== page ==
Having a hard drive crash or some other form of memory (such as a flash drive or CD) stop working can be a source of significant stress and frustration. A common reaction is to absorb the worst: “oh no! All my years of data and work is gone! I'm ruined!” It can be even worse if it is a business application and the data that was lost contains client information or proprietary software, for example.
So what should you do if you find yourself in this situation?
The first thing you should do is relax . A failed hard drive is not the end of the world and, in many cases, the data can still be recovered.
If your computer still boots up, there is data recovery software you can get that may be able to scan the affected drive and recover the data from it which can then be copied to another drive and you will be on your way.
If the computer does not boot up, it may not even be the drive at all that is the problem. For example, if your motherboard fails your computer will not start, and this may cause people to think their hard drive has gone bad. But in this case, since the hard drive is still fine, it just has to be connected to another computer and the data can be accessed.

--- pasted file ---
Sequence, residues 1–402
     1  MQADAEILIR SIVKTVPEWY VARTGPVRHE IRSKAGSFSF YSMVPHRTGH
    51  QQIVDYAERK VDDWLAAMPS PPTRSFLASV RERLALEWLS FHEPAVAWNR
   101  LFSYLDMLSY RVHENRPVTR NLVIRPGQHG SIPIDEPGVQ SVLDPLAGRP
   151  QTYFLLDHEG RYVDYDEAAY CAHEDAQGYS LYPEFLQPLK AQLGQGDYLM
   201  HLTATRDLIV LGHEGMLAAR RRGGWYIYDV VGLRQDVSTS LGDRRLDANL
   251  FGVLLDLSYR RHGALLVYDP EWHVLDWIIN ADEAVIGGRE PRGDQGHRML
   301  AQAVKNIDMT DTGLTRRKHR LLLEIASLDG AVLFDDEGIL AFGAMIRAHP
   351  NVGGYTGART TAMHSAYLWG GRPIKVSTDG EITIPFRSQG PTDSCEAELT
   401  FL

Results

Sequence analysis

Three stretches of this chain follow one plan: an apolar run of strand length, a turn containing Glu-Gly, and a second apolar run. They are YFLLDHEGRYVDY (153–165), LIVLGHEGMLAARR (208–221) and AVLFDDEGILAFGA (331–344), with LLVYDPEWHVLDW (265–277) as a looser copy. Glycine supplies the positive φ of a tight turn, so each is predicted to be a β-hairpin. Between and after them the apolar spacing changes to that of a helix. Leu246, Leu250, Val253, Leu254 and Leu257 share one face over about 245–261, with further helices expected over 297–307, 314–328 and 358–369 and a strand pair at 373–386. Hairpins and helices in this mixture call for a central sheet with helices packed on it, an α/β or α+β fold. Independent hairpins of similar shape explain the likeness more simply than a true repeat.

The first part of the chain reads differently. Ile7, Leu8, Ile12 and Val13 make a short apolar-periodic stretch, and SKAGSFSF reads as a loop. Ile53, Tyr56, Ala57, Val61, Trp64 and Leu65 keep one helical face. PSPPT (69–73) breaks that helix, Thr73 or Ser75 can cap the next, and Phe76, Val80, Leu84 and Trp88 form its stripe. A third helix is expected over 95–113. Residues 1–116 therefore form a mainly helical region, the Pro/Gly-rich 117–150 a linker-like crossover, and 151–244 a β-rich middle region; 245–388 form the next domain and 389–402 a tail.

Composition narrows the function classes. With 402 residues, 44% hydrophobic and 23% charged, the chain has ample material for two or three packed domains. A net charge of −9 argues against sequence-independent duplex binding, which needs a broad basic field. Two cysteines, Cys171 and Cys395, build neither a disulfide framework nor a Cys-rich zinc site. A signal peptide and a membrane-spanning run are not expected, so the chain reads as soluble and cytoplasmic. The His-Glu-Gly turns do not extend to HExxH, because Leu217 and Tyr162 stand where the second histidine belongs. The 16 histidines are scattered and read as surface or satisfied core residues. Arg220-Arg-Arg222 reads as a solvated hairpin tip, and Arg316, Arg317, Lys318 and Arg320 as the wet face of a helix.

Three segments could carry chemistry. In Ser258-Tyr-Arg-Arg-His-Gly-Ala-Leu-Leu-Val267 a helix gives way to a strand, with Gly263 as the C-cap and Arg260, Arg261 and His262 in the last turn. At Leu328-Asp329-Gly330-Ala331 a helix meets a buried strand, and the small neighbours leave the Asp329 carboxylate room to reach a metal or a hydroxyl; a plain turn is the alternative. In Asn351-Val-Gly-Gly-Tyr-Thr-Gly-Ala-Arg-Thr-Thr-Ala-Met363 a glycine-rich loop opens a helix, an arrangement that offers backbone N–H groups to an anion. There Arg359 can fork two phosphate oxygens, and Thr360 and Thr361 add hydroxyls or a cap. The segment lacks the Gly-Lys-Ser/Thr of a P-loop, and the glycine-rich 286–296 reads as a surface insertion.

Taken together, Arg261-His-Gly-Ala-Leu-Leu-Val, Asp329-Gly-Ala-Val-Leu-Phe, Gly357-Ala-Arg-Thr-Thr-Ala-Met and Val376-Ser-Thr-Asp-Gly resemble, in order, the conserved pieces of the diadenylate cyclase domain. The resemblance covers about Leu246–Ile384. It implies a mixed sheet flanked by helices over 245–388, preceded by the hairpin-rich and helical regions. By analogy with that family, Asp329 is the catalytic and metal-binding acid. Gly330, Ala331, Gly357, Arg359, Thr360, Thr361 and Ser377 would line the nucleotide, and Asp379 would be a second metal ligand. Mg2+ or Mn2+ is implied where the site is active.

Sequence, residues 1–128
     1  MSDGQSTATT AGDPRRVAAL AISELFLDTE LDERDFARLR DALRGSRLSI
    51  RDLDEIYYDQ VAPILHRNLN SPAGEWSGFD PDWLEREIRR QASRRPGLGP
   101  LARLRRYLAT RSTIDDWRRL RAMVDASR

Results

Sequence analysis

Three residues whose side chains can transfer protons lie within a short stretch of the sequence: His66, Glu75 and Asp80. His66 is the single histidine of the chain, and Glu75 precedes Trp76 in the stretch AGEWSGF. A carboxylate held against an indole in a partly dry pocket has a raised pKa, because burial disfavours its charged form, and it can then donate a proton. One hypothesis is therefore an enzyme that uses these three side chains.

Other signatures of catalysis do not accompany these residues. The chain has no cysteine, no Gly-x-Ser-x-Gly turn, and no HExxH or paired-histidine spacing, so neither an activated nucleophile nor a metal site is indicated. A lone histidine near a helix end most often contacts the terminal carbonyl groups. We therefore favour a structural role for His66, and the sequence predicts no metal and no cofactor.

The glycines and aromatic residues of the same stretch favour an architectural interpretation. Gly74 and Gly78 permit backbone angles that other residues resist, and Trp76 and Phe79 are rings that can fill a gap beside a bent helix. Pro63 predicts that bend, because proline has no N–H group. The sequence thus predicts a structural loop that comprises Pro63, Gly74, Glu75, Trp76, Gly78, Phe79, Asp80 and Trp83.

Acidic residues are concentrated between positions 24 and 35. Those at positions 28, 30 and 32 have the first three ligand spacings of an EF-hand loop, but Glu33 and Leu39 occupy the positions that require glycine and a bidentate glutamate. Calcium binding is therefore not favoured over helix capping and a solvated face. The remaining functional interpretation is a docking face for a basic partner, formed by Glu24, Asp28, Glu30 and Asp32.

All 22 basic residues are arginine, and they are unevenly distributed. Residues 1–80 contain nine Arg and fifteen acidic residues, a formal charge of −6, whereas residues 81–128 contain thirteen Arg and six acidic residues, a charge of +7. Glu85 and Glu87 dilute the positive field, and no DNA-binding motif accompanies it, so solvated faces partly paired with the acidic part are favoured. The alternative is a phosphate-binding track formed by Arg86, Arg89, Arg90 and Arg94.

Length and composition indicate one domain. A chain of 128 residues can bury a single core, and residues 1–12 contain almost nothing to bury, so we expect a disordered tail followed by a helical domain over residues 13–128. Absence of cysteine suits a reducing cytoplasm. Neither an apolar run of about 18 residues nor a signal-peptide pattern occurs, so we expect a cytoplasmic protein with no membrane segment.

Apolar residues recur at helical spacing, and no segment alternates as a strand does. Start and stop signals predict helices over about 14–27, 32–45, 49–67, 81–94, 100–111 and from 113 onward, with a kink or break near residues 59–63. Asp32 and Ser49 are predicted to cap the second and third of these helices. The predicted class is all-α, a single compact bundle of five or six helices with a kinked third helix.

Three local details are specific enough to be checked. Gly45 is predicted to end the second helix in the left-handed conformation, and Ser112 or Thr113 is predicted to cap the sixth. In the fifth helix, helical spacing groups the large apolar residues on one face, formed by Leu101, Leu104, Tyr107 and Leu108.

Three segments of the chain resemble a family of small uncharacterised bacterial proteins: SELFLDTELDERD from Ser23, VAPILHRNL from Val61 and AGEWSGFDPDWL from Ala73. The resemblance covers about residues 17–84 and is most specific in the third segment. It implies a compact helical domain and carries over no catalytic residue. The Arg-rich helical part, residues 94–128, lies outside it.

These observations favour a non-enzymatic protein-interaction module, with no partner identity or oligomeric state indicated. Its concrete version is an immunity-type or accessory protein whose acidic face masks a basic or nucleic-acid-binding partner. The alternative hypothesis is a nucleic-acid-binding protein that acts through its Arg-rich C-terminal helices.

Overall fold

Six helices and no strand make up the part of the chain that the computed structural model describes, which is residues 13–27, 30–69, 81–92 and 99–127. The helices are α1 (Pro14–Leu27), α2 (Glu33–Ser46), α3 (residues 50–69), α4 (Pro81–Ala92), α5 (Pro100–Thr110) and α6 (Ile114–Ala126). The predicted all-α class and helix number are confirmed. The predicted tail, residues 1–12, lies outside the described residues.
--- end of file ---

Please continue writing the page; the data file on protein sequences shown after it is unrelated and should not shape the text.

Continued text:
If there is actual physical data to the drive the data can still be recovered sometimes. This includes physical damage to hard drives as well as to more portable storage mediums including CDs and flash drives. In these cases there are often online services or companies you can contact who specialize in this area and who may have special software or tools that can use to recover your data. Be aware however that some of the techniques they use require opening up the hard drive and may void your drive's warranty, although for the chance of recovering your data, you may not care about the warranty.
There are also some warnings you should pay attention to: if your hard drive starts making clicking noises (sometimes referred to as the “click of death”), it is likely due to the beginning of a mechanical failure and you may want to begin taking the necessary precautions, such as backing up the hard drive so that if it does end up failing, you will still have a copy of the data you can use.